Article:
And from Christ is Passing By:
Wives, you should ask yourselves whether you are not forgetting a little about your appearance. Remember all the sayings about women who should take care to look pretty. Your duty is, and will always be, to take as good care of your appearance as you did before you were married — and it is a duty of justice, because you belong to your husband. And husbands should not forget that they belong to their wives, and that as long as they live they have the obligation to show the same affection as a young man who has just fallen in love. It would be a bad sign if you smile ironically as you hear this; it would mean that your love has turned into cold indifference.
What of unmarried women who are trying to look presentable and attract a husband?

How do critics of immodest fashion respond without being puritannical or abitrarily choosing something from the distant past (and thus not meeting the need for some sort of cultural continuity in order to fit in and be able to open others to conversation)? Anything that is countercultural within fashion must find some sort of justification that is both negative (it's not immodest) as well as positive (it flatters while maintaining modesty), and I don't see how there cannot be a positive justification that does not touch upon having a concern for one's appearance.

The Pure Fashion Mission states: "Through an eight month Model Training Program that covers public speaking, manners and social graces, hair and make up artistry, personal presentation, and much more, Pure Fashion models learn the importance of living a life in accordance with God’s will and fostering a life of grace through purity of heart, mind, and body. The Pure Fashion program culminates in a city-wide fashion show featuring clothing that is pretty but not provocative, trendy but still tasteful."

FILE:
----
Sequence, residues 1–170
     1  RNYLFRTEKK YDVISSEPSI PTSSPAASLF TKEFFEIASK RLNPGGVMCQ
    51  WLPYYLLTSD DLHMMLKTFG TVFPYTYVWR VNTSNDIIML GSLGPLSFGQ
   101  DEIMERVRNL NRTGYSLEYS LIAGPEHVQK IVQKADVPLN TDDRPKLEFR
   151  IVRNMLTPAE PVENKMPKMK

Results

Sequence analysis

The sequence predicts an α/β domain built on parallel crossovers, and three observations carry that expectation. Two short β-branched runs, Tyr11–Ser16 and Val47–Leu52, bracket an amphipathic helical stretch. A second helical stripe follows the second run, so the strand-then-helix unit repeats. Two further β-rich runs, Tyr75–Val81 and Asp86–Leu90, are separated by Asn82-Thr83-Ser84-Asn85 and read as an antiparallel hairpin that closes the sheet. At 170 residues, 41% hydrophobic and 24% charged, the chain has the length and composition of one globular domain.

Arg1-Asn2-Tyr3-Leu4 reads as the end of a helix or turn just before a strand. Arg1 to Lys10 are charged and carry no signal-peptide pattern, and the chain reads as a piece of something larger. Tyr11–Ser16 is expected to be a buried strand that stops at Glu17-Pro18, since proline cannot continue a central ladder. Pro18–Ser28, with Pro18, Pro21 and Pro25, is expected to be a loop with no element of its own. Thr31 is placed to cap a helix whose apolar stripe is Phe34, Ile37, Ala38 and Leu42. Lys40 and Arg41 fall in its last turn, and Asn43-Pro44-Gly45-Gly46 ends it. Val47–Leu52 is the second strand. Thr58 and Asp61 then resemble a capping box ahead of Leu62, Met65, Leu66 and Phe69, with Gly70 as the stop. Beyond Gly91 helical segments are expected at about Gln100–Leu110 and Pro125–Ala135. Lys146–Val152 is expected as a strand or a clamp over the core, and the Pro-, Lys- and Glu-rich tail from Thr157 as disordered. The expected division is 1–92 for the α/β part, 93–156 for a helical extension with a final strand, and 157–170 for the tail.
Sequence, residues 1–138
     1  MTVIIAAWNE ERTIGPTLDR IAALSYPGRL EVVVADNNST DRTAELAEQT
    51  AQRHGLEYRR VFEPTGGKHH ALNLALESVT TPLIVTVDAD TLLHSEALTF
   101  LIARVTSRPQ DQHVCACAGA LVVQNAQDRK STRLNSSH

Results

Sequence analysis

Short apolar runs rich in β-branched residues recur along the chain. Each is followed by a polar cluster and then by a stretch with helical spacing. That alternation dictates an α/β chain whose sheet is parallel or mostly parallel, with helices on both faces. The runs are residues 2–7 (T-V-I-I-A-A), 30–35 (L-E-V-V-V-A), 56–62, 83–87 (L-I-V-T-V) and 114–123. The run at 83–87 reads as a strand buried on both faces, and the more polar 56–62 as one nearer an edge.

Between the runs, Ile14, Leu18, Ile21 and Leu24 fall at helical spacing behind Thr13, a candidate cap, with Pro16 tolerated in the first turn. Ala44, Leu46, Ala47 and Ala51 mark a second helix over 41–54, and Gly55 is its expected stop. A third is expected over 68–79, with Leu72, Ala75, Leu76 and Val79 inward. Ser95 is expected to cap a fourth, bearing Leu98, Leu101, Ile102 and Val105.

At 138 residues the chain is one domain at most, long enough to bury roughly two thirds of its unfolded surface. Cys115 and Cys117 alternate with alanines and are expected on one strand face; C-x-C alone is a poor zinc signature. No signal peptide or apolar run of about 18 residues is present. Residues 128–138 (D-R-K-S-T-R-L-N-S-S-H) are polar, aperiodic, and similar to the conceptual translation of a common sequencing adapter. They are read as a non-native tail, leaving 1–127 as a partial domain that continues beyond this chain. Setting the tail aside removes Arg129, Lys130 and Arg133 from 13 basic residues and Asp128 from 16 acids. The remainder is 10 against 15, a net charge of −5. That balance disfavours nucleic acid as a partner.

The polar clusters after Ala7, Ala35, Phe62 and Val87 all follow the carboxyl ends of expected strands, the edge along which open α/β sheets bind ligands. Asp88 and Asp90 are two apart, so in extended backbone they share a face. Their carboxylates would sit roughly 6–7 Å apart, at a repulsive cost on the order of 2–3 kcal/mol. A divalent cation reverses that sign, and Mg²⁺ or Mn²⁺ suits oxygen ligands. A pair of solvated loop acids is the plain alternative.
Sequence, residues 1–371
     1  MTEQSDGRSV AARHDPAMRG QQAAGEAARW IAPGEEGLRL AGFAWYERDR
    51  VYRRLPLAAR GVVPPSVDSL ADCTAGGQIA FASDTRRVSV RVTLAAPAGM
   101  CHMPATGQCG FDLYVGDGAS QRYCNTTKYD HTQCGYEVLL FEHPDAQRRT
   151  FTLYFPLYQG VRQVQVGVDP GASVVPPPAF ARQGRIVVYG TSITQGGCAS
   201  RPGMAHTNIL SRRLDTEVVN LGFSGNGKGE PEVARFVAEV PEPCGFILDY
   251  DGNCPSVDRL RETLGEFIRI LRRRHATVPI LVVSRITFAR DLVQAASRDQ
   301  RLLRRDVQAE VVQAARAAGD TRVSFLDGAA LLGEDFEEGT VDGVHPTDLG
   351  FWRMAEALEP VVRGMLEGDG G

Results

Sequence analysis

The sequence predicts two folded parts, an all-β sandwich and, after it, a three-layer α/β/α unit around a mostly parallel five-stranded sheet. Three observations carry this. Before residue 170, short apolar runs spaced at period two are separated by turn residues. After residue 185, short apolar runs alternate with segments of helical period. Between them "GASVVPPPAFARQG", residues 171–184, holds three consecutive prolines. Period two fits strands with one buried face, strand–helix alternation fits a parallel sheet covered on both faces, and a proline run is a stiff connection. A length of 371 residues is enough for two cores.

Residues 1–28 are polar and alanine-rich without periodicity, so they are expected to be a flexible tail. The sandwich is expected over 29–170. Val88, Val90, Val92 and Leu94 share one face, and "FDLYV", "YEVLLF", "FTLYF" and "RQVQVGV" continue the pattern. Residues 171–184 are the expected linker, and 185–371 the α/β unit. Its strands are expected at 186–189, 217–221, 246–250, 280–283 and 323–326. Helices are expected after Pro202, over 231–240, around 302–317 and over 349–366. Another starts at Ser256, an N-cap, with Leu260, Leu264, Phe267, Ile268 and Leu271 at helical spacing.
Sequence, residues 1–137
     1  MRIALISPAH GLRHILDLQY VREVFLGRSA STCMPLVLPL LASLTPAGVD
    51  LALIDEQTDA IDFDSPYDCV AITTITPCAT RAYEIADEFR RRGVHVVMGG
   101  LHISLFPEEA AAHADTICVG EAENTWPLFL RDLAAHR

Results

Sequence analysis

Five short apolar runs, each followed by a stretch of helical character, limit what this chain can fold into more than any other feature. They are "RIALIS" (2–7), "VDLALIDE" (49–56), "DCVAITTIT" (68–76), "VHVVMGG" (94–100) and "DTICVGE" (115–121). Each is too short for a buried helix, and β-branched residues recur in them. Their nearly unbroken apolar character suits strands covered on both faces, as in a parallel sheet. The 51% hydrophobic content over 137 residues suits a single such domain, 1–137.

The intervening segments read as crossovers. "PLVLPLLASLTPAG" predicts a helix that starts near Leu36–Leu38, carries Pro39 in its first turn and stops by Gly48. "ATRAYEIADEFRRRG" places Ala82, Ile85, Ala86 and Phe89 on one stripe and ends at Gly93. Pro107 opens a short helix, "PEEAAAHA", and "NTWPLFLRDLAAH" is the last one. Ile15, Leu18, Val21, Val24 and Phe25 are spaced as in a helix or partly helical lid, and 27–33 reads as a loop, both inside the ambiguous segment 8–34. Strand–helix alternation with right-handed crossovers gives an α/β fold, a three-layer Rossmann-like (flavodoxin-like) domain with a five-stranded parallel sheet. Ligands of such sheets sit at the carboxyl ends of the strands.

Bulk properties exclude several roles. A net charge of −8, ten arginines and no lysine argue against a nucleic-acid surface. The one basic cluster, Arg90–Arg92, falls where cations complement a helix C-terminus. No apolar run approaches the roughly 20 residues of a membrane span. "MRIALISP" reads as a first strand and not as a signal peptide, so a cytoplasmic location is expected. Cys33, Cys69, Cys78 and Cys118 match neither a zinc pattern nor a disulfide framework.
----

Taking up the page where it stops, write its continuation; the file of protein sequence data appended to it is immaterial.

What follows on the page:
How is that different from the charm schools or finishing schools of the past? Putting on a fashion show, though, may be a bit too much.

I think that one's appearance is a legitimate external good (for both men and women, though for men in perhaps different ways), and should be cared for, within reason, and thus ordered to higher goods. Neglecting one's appearance is permissible only for a few, if even them. (Even those who have taken the vow of poverty should take measures to be clean and presentable to others, if not for the sake of health and hygiene then for the sake of being able to discourse with others.)